Silent settlement doesn't include fees, costs

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A federal judge rejected a northern Indiana sheriff's argument that a settlement agreement in a civil rights case includes attorney's fees and costs when the agreement doesn't say anything on the issue.

In a Dec. 30 order from Chief Judge Robert L. Miller Jr. of the U.S. District Court, Northern District of Indiana, South Bend Division, St. Joseph County Sheriff Frank Canarecci Jr. claimed a $75,000 settlement reached between the sheriff and the relatives of a jail inmate who killed himself included attorney's fees for the plaintiffs even though the settlement stated nothing about the matter.

Relatives of inmate Gregory Zick sued Canarecci and 26 other defendants in 2005 after Zick committed suicide while in jail in 2003. Summary judgment was granted to all the defendants on the federal claims, except for an Eighth Amendment claim against Canarecci. The parties settled in the summer of 2009 before the issue went to trial. Cathy Minix and Steven Zick, Gregory Zick's mother and brother, filed a motion for nearly $745,000 in attorney's fees and costs.

Chief Judge Miller denied Canarecci's motion to strike in Cathy Minix and Steven Zick v. Sheriff Frank Canarecci Jr., et al., No. 3:05-CV-144, because there was no evidence the parties' settlement was intended to include attorney's fees and costs. Canarecci argued that a court could assume a settlement agreement in a civil rights case that didn't spell out attorney's fees and costs automatically included them in the settlement. Chief Judge Miller noted the 7th Circuit Court of Appeals has yet to take up this question.

"To assume that an agreement such as this one was meant to include attorney's fees and costs would run counter to Congress' policy of awarding attorney's fees to private attorneys general," wrote Judge Miller.

The judge also rejected the request for almost $750,000 in attorney's fees and costs because the plaintiffs' application fell below the level of specificity required by Hensley v. Eckerhart, 461 U.S. 434. The plaintiffs weren't specific enough in the amount of hours worked by the attorneys or expert witness fees on only the Eighth Amendment claim. Chief Judge Miller allowed the plaintiffs leave to re-file their motion within 10 days of the order "with a more reasonable request and with more reliable yardsticks by which the court may determine their award."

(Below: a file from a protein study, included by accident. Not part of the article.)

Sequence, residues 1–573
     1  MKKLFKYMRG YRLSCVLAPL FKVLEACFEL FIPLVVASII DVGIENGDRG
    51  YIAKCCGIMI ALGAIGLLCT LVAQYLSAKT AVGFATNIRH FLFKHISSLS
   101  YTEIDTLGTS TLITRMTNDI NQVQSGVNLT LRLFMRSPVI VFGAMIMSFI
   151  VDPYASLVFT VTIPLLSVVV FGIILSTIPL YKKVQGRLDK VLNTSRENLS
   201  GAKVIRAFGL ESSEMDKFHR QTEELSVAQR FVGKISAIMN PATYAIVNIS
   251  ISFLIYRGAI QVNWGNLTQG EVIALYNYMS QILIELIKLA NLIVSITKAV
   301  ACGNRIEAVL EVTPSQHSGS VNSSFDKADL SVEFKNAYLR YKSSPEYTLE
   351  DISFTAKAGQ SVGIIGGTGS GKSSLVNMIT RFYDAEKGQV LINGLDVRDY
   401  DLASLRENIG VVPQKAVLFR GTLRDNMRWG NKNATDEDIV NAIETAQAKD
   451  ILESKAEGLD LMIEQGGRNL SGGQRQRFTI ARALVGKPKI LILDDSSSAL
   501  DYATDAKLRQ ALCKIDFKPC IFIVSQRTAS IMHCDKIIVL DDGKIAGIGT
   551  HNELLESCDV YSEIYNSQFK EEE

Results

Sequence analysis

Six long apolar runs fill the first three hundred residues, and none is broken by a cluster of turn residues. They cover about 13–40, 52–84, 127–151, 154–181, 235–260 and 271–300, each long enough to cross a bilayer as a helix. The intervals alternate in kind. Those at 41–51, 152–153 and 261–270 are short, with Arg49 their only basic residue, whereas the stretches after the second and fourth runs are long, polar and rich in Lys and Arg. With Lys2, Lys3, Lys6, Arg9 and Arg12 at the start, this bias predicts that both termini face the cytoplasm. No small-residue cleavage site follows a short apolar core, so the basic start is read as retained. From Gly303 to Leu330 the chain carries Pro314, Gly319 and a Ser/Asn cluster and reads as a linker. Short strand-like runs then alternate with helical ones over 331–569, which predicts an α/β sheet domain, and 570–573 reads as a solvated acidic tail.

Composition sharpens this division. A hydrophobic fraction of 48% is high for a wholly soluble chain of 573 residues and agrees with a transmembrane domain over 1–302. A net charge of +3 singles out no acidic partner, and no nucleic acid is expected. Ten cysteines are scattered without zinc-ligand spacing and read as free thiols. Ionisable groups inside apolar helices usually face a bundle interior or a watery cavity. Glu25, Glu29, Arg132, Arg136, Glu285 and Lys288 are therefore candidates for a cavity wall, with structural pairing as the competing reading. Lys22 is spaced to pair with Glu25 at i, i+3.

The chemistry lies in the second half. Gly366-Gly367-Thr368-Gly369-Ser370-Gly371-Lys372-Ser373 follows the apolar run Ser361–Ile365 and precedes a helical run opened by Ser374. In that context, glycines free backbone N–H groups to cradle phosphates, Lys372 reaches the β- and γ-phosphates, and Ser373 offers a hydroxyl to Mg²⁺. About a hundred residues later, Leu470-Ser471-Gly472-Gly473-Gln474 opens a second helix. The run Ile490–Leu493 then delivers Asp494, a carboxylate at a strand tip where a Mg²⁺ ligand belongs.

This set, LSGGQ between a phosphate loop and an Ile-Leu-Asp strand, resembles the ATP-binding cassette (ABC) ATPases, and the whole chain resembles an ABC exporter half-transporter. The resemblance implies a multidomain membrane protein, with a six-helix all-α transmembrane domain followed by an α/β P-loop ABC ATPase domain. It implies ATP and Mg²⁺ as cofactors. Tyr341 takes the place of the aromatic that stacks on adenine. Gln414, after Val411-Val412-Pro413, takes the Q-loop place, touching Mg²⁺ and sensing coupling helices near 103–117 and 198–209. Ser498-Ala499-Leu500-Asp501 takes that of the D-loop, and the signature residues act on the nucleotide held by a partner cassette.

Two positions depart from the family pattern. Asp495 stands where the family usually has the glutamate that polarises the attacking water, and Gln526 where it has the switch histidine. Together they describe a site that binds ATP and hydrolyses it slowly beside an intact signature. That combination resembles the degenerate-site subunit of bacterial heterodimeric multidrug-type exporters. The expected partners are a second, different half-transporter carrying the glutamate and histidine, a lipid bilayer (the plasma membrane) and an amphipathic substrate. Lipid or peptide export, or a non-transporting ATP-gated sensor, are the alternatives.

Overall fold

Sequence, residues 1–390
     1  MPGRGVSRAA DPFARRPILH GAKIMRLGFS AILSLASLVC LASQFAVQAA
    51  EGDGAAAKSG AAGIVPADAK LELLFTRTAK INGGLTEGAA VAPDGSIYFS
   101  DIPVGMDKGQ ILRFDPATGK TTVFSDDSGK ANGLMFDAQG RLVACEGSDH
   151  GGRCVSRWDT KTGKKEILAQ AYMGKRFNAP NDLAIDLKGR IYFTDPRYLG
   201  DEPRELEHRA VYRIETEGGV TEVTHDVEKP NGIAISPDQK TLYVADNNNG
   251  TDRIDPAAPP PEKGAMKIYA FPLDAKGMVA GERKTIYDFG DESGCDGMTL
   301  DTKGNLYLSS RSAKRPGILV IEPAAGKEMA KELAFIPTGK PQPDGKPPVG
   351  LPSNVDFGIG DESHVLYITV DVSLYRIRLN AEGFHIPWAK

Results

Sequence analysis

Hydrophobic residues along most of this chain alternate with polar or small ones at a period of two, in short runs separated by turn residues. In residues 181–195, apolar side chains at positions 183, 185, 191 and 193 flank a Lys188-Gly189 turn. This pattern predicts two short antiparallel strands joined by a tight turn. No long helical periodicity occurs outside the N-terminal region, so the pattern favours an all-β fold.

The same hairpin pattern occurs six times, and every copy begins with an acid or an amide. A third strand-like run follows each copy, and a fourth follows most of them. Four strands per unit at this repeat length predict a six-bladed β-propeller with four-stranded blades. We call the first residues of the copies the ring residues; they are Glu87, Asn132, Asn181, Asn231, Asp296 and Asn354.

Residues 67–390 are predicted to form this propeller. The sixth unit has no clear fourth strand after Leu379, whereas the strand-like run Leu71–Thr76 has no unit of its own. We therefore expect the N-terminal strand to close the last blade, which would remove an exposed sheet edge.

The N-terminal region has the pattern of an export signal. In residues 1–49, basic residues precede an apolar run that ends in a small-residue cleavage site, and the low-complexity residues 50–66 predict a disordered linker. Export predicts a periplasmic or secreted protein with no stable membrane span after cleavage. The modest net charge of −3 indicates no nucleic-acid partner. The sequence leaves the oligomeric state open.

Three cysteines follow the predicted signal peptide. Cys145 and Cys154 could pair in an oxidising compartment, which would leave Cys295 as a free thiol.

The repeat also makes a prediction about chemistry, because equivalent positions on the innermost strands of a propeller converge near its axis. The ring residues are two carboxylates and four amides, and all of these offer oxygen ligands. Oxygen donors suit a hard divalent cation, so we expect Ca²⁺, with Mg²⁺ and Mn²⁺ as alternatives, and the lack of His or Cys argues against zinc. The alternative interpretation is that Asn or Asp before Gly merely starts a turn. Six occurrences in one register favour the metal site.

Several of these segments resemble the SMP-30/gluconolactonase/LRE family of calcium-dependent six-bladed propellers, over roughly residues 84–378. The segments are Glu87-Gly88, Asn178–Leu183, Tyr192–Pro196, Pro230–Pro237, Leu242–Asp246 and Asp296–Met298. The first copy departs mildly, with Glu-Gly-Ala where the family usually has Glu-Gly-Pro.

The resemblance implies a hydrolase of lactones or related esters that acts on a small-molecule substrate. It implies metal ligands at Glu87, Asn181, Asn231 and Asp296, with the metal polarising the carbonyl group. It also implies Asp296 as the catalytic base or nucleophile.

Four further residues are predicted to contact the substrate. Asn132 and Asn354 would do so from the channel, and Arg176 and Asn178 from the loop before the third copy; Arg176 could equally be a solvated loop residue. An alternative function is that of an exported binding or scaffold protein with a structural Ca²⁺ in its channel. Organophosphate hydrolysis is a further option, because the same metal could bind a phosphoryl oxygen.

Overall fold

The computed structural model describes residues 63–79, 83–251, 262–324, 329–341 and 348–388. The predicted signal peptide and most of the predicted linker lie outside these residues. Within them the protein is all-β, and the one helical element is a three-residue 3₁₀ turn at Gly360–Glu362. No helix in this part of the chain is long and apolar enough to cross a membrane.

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  1. If a class action suit or other manner of retribution is possible, count me in. I have email and voicemail from the man. He colluded with opposing counsel, I am certain. My case was damaged so severely it nearly lost me everything and I am still paying dearly.

  2. There's probably a lot of blame that can be cast around for Indiana Tech's abysmal bar passage rate this last February. The folks who decided that Indiana, a state with roughly 16,000 to 18,000 attorneys, needs a fifth law school need to question the motives that drove their support of this project. Others, who have been "strong supporters" of the law school, should likewise ask themselves why they believe this institution should be supported. Is it because it fills some real need in the state? Or is it, instead, nothing more than a resume builder for those who teach there part-time? And others who make excuses for the students' poor performance, especially those who offer nothing more than conspiracy theories to back up their claims--who are they helping? What evidence do they have to support their posturing? Ultimately, though, like most everything in life, whether one succeeds or fails is entirely within one's own hands. At least one student from Indiana Tech proved this when he/she took and passed the February bar. A second Indiana Tech student proved this when they took the bar in another state and passed. As for the remaining 9 who took the bar and didn't pass (apparently, one of the students successfully appealed his/her original score), it's now up to them (and nobody else) to ensure that they pass on their second attempt. These folks should feel no shame; many currently successful practicing attorneys failed the bar exam on their first try. These same attorneys picked themselves up, dusted themselves off, and got back to the rigorous study needed to ensure they would pass on their second go 'round. This is what the Indiana Tech students who didn't pass the first time need to do. Of course, none of this answers such questions as whether Indiana Tech should be accredited by the ABA, whether the school should keep its doors open, or, most importantly, whether it should have even opened its doors in the first place. Those who promoted the idea of a fifth law school in Indiana need to do a lot of soul-searching regarding their decisions. These same people should never be allowed, again, to have a say about the future of legal education in this state or anywhere else. Indiana already has four law schools. That's probably one more than it really needs. But it's more than enough.

  3. This man Steve Hubbard goes on any online post or forum he can find and tries to push his company. He said court reporters would be obsolete a few years ago, yet here we are. How does he have time to search out every single post about court reporters and even spy in private court reporting forums if his company is so successful???? Dude, get a life. And back to what this post was about, I agree that some national firms cause a huge problem.

  4. rensselaer imdiana is doing same thing to children from the judge to attorney and dfs staff they need to be investigated as well

  5. Sex offenders are victims twice, once when they are molested as kids, and again when they repeat the behavior, you never see money spent on helping them do you. That's why this circle continues